White House officials tried Sunday to explain Mr. Trump’s decision to raise the prospect of possible military action in Venezuela. CIA Director Mike Pompeo said Trump was trying “to give the Venezuelan people hope and opportunity to create a situation where democracy can be restored.” Pompeo told “Fox News Sunday” that Venezuela “could very much become a risk” to the U.S. if it descended into further chaos.
Yet a Republican on the Senate Armed Services Committee who calls himself “a pretty hawkish guy” expressed skepticism about the idea of American troops in Caracas.
“I have no idea why we would use military force in Venezuela. I’m open-minded to a reason, but at the end of the day, our military should be deployed when there’s a national security interest that can be articulated to the American people,” South Carolina’s Lindsey Graham told “‘Fox News Sunday.”
Mr. Trump’s national security adviser, who has previously warned against military talk, said the Trump administration wants to get a handle on the current situation under Maduro’s embattled government and “understand better how this crisis might evolve.”
After spurning the warnings of President Santos, The Vice President continued to offend Catholic Colombians by making a very public visit to an evangelical Christian Church in Cartagena, where he again brought up the prospect of military intervention in Venezuela — this time with Venezuelan refugees ostensibly attending church.
Seeking to highlight the growing plight in Venezuela, Vice President Mike Pence on Monday met with people who’ve fled the country to neighboring Colombia.
Pence visited the Calvary Chapel in Cartagena, where met with ‘faith leaders’ and Venezuelan families before planning to depart to Buenos Aires, Argentina. His wife, Karen Pence, helped to lead a prayer circle, where she prayed for “comfort to the Venezuelan refugees.”
The vice president and his wife also spent time speaking with the migrants, listening to their emotional stories. Reporters were not able to hear their conversations, but watched the vice president comfort several women, including at least one who was seen wiping away tears.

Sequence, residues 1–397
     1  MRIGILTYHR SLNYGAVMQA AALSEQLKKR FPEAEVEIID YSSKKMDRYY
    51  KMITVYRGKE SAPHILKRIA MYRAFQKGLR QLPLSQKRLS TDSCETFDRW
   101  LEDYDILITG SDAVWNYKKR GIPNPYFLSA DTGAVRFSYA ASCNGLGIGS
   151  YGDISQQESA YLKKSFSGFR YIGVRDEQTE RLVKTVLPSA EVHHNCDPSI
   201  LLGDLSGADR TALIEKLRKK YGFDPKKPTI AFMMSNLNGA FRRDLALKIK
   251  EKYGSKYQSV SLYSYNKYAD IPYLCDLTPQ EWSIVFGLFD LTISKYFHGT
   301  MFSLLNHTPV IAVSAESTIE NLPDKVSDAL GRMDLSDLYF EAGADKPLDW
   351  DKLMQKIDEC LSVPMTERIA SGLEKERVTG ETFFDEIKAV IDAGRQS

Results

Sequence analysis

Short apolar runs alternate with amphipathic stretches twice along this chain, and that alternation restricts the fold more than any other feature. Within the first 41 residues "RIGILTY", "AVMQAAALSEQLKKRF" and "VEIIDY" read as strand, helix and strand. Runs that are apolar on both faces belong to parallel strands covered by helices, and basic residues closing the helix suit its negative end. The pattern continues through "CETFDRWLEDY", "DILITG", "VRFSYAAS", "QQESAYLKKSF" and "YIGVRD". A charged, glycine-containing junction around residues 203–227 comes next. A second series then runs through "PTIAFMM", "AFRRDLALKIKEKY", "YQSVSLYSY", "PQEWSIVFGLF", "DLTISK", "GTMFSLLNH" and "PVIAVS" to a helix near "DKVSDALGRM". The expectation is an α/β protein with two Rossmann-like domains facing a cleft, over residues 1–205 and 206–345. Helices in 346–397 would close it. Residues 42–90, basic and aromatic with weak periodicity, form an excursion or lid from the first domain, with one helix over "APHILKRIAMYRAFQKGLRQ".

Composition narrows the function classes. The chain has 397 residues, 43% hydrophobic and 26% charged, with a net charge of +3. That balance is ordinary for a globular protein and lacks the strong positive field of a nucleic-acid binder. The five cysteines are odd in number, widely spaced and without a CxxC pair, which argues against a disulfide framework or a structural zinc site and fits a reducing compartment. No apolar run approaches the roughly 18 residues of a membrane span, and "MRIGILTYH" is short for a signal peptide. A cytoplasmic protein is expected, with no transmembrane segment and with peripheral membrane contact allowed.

He said he heard “heartbreaking” stories of their struggle for food.
“President Trump’s made it very clear we will not stand by while Venezuela collapses into dictatorship,” Pence said, arguing that “a failed state in Venezuela threatens the security and prosperity of our entire hemispheres and the people of the United States.”
Pence is trying to rally the region against Venezuelan President Nicolas Maduro’s attempts to consolidate power. Pence on Sunday denounced Maduro’s tactics and said the U.S. will not stand by as Venezuela “crumbles.”
In fact, what Pence accomplished was to solidify Colombians in their rejection of the Trump-Overtures.
An opinion piece in Colombia Reports said, “The visit of US Vice-President Mike Pence was by far the weirdest visit to Colombia of a foreign leader in the past decade. He left without anyone even noticing.”
His apparently empty diplomatic agenda did allow Pence and his wife Karen to visit Venezuelan refugees in Cartagena, and that was it.
No business meetings, no meetings on drug trafficking, no meetings on defense. Nothing.
Even local newspapers had different priorities. Pope Francis is coming in a few weeks, for example.
Pence left Colombia without anyone noticing or caring. Nobody was there to wave the American VP goodbye. He might as well have stayed in Washington it seemed.